Median list price: $180,000 Unemployment rate: 4.3% 5-year wage growth: 15.9%
The tech companies that have moved into the old factories and warehouses lining the Allegheny River are attracting young engineers to the Steel City. Pittsburgh has offices for big companies like Uber, Facebook, and Google—as well as fast-growing start-ups like Duolingo, an online language learning service.
“We have a big influx of people from Long Island and the rest of the New York City area,” says Bobby West, a real estate agent at Coldwell Banker. “They can no longer afford to buy homes around their friends and family there.”
Young grads often get apartments in Lawrenceville, a former working-class neighborhood that’s been transformed into a hipster enclave full of new breweries and cafes. Once they get sick of shelling out around $1,500 per month on an apartment there, they might head to a community like Brighton Heights, around 15 minutes from downtown, where they can find three-bedroom, ’50s ranches for under $150,000.
“Pittsburgh is not a McMansion city. Our homes are usually [built] pre-1950s,” says West. “They are popular with first-time home buyers who want something charming.”
Median list price: $210,300 Unemployment rate: 3.8% 5-year wage growth: 17.9%
St. Louis is hard at work revitalizing its downtown, a project it’s dubbed the Downtown Next 2020 plan. It includes deep dives into the renovation of historic neighborhoods (Garment District, you’re next) and even improving landscaping across the area. And it’s already paying off as more local grads from schools like Washington University and Webster University are putting down roots.
Ands there’s plenty of fun things to do here. A great way to meet locals is through the communal love of the St. Louis Cardinals—expressed either in Busch Stadium or one of the many, many beer bars that’ll be showing the game. What else would you expect from the hometown of sudsy juggernaut Anheuser-Busch?
Median list price: $475,100 Unemployment rate: 3.3% 5-year wage growth: 24.7%
Between the many hiking, kayaking, and skiing opportunities in the mountains, the legal recreational weed, and the high-flying start-up scene, the Mile High City is an aspirational landing spot for many recent grads. But its popularity has also driven up real estate prices.
“The starter home range is the minimum of $300,000 to $500,000. You can’t find anything under that right now,” Ryan Penn, associate broker at 360dwellings Real Estate in Denver, tells realtor.com.
Someone aged 25 to 34 would need to plunk down one-third of their income on a median-priced home on the market. That’s higher than the other places on the ranking and a little more than the rule of thumb advising folks not to spend more than 28% of their monthly income before taxes on housing. But it’s still lower than Seattle, San Francisco, and many other big cities in the West. And this market is still seeing some of the biggest pay increases in the nation.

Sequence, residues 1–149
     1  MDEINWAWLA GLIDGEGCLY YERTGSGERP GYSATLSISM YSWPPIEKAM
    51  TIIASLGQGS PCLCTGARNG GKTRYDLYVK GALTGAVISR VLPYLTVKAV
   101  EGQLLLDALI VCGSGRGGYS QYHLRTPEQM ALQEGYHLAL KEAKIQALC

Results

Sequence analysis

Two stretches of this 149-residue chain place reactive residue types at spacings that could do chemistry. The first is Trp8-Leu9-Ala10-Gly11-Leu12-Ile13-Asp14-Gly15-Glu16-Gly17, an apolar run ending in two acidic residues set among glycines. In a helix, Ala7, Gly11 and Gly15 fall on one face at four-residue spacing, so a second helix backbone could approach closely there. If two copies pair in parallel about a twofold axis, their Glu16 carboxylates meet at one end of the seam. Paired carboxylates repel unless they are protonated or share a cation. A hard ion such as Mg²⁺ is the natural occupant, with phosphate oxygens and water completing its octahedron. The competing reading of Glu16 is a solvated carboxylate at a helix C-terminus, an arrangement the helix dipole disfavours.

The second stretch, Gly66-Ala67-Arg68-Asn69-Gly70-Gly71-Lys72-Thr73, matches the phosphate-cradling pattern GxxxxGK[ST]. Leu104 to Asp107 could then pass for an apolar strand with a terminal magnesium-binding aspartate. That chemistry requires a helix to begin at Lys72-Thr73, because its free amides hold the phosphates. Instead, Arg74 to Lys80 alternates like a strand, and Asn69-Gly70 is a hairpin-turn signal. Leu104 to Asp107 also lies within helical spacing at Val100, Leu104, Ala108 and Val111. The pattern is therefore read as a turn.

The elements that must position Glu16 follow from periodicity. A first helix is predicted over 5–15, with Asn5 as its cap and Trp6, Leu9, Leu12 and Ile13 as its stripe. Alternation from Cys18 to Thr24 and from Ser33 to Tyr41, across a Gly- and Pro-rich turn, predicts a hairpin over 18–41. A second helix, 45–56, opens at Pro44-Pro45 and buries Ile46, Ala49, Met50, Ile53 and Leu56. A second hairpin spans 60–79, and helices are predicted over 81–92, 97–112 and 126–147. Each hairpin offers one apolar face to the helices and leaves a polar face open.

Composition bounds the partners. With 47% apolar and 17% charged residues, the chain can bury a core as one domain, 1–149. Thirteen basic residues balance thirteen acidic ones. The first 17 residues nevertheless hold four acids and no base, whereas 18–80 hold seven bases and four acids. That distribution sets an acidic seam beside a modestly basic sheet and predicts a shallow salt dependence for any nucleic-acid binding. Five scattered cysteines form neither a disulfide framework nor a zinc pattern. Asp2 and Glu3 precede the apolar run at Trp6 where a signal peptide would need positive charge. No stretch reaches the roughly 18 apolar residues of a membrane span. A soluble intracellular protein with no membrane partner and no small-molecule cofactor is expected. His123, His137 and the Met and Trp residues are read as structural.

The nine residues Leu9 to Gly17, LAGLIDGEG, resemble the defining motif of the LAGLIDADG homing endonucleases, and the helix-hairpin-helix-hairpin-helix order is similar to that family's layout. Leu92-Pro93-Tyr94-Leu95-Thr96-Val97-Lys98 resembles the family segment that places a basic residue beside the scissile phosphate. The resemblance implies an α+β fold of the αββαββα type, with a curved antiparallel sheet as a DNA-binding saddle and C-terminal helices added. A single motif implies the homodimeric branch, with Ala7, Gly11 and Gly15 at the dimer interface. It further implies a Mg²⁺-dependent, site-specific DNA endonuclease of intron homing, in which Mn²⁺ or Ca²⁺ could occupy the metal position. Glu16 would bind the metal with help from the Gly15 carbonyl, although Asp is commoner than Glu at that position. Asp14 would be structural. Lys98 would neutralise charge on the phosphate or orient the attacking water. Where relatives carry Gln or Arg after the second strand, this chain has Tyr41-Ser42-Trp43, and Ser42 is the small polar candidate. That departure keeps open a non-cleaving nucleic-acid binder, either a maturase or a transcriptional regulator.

Median list price: $359,600 Unemployment rate: 2.9% 5-year wage growth: 27.7%
This town has a great food scene that punches way above its weight. Bon Appétit named Portland—the one in Maine, not Oregon—the Restaurant City of the Year. Give some of the credit to the Roman (thin crust) pizza, Jewish-style delis, seafood joints, and excellent craft breweries.
The city also has a strong job market that keeps getting stronger. In fact, incomes grew more here over the past five years than any other market on our ranking.
“There’s a lot going on in Portland, a lot of energy and a lot of buzz. We see a lot of people moving in from other cities and bringing ideas with them,” says Jeremy Lock, a broker with Portside Real Estate Group.
That cool factor makes for a good dating scene. A local favorite is Flask Lounge, a bar that has karaoke, DJs, and comedy nights.
When we last saw the Avengers at the end of “Infinity War,” only a handful remained alive. The rest had been vaporized when the evil Thanos snapped his Infinity Gauntlet–clad fingers and wiped out half of all living creatures in the universe. Ultrasad trombones!
That left just a few heroes to somehow right this terrible wrong and bring most everyone back to life (we hope).
While Iron Man, Hulk, and Black Widow are trying to figure it all out (and while the rest of us are waiting for the first available showing of “Avengers: Endgame” this weekend), we thought it would be fun to find the perfect lairs for our resourceful heroes where they can plot their futures in comfort.
With half of Earth’s residents out of commission, prices might not be an issue, but we’ve included them anyway. But thanks for dealing with that whole intergalactic genocide thing, guys!